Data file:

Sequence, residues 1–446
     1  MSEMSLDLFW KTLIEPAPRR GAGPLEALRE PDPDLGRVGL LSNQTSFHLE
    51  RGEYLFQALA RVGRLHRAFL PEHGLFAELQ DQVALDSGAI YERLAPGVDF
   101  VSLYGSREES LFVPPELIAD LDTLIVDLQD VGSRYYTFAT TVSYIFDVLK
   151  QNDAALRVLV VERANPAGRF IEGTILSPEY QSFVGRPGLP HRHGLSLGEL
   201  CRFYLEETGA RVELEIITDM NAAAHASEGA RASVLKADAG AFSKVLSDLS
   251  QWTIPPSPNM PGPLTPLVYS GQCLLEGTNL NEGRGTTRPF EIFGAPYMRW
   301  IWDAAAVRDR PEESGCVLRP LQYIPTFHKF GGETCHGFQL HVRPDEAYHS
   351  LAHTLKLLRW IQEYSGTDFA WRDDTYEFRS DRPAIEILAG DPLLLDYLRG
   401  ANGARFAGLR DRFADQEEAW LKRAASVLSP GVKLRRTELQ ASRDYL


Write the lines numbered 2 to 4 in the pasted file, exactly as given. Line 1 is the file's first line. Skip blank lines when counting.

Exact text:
     1  MSEMSLDLFW KTLIEPAPRR GAGPLEALRE PDPDLGRVGL LSNQTSFHLE
    51  RGEYLFQALA RVGRLHRAFL PEHGLFAELQ DQVALDSGAI YERLAPGVDF
   101  VSLYGSREES LFVPPELIAD LDTLIVDLQD VGSRYYTFAT TVSYIFDVLK